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Trinidad & Tobago: the Perfect Film Location

Filming A Story About Wendy 2. Photo: Anthony Keung Fatt

Heidi Walcott-Hadeed and Caroline Taylor with Anthony Fund and Kevin Huggins on set filming the sequel to the popular Trinidad & Tobago film A Story About Wendy. Photo: Anthony Keung Fatt

The Perfect Backdrop for Feature Film

It’s a film location scout’s dream. Trinidad and Tobago, two islands separated by a 12-minute flight or a two-hour seabridge, where you can shoot an adventure in a tropical rainforest; a horror film in swamps that stretch as far as the eye can see; a movie set in an Indian village complete with temples and mosques overlooking rice paddy fields; a romantic comedy in a bustling cosmopolitan city; a gritty gangster movie in the ghettos and projects; a witty, dark drama in an affluent suburb framed by golf courses; a period piece in an old colonial mansion surrounded by cocoa estates; intrigue on the high seas with clear blue waters, coral reefs and soft white sandy beaches. In fact, the only settings it lacks are railways, subways, frozen tundra and snow-capped mountains.

Trinidad and Tobago is an independent democratic nation with a thriving energy sector. Its people are of African, Indian, European, Asian and Middle Eastern descent. So if your film calls for ethnic specificity, multi-ethnicity or cultural festivals, it’s all here—and simply gorgeous.

There is a highly skilled English-speaking workforce at every level of production, and no shortage of acting and musical talent. There are over 70 production and media houses, including digital recording studios and internationally affiliated advertising agencies.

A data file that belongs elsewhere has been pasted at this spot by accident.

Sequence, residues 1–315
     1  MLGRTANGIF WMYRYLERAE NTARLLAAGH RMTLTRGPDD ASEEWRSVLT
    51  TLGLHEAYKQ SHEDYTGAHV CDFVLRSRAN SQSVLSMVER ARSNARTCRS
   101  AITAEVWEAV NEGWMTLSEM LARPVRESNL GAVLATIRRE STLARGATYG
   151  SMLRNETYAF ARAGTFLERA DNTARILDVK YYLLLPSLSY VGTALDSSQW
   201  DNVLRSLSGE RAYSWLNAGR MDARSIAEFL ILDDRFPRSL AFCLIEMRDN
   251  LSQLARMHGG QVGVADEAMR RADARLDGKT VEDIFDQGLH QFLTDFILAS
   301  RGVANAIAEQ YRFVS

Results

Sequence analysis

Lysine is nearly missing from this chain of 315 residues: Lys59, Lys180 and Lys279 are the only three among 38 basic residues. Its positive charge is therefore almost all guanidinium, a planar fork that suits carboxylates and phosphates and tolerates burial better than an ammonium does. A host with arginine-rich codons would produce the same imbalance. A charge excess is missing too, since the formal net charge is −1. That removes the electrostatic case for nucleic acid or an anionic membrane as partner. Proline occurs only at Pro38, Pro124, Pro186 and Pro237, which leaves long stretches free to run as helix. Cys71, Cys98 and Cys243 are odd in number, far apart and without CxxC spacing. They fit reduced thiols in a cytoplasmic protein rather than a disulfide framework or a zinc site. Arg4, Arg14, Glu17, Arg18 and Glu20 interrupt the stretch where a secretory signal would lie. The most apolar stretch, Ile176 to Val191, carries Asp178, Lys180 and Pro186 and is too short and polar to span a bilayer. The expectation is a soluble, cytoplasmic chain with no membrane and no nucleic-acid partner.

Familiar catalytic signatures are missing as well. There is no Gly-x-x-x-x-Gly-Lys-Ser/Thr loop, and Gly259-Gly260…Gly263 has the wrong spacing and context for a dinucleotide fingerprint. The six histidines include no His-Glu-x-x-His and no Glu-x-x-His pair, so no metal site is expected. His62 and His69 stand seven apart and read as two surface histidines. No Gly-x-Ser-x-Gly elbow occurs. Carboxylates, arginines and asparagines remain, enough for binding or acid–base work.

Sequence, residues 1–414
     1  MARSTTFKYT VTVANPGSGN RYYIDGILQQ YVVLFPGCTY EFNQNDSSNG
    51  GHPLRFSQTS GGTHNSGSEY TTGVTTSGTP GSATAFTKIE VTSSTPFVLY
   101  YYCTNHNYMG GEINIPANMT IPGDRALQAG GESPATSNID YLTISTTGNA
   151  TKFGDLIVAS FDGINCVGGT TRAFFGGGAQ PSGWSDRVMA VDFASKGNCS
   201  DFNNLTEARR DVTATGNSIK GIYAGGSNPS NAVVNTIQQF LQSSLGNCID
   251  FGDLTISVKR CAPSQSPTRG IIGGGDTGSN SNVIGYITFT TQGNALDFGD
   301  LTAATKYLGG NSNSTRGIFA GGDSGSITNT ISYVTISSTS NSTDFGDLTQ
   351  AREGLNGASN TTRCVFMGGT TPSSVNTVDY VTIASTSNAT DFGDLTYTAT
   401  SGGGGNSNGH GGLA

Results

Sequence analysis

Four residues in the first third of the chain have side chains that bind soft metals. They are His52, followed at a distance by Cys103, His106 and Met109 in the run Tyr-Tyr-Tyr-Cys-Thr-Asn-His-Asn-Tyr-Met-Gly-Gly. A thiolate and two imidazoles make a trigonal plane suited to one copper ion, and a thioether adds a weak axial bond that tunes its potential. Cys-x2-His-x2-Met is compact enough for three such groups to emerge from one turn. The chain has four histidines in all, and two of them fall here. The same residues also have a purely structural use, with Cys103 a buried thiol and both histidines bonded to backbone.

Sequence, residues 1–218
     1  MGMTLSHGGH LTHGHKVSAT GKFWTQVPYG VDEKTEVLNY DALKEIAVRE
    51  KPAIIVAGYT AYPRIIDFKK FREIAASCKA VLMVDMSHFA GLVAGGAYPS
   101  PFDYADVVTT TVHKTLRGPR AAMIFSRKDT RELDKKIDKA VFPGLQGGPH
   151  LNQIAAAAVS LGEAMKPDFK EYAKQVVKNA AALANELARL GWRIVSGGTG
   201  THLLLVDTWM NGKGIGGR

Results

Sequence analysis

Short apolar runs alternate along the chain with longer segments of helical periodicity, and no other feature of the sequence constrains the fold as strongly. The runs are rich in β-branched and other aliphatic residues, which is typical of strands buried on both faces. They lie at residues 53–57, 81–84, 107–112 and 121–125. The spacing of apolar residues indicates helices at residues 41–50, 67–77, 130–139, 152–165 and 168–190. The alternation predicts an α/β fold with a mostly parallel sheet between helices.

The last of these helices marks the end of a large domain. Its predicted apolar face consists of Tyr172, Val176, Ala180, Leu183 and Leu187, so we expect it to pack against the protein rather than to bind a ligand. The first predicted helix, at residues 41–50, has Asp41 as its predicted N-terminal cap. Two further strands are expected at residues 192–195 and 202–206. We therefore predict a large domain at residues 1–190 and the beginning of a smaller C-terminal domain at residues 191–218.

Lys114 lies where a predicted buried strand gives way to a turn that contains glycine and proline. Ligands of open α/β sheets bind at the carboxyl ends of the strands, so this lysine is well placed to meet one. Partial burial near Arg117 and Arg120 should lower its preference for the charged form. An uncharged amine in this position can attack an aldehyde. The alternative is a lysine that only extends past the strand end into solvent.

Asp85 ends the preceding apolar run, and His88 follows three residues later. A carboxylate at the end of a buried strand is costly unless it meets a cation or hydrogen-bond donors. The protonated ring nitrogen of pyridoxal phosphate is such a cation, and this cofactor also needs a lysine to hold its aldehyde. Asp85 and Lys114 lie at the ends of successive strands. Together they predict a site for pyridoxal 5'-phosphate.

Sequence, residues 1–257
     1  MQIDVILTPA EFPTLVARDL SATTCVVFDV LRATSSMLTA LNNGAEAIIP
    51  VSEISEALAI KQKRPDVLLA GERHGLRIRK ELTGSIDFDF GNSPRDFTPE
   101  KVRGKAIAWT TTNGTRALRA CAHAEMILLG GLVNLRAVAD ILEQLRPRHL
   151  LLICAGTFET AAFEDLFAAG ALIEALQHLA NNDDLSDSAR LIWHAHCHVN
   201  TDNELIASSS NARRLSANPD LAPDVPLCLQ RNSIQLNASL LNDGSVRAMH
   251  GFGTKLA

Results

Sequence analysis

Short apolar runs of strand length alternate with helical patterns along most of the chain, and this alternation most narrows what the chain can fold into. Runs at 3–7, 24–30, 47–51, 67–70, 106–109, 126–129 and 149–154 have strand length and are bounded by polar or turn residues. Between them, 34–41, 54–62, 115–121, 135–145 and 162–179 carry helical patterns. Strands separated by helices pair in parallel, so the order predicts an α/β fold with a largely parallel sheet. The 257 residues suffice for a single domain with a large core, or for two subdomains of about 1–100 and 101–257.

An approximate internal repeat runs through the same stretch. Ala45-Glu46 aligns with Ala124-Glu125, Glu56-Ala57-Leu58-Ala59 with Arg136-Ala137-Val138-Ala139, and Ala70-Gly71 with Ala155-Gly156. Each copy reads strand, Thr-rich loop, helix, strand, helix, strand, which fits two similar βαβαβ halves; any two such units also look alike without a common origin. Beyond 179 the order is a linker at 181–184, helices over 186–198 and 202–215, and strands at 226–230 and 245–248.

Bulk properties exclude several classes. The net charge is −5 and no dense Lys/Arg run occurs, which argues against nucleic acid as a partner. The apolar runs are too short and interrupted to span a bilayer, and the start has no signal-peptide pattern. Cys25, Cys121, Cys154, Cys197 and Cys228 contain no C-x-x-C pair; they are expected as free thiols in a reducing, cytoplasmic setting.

The Trinidad and Tobago Film Company (TTFC) offers a 150% tax concession for private-sector partners who sponsor local productions, and a production-expenditure rebate of up to 30% for local and international film-makers on location. The TTFC also works with the Customs and Excise Office to help you import film and television equipment temporarily, offers seed funding for production and script-writing and sponsors training programmes for local filmmakers.

The results of the TTFC’s work can be seen in the annual Trinidad and Tobago Film Festival, the Caribé Animation Festival, the facilitation of over 80 international productions in Trinidad and Tobago, and the success of local films at international festivals.

The TTFC aims to develop a national film industry which will create content to help to shape the identity of T&T’s people, and in addition create an industry that will afford opportunities for future generations. The TTFC believes that the world is hungry for stories to be told from a new perspective, and that T&T can begin to contribute to the global arena of films by telling stories from a Caribbean perspective.

Courtesy the Trinidad & Tobago Film Company, reprinted with permission from Caribbean Beat (Issue 92: July/August 2008), published by Media & Editorial Projects Ltd (MEP)

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A team of of writers discovering Trinidad & Tobago for 25 years and counting!

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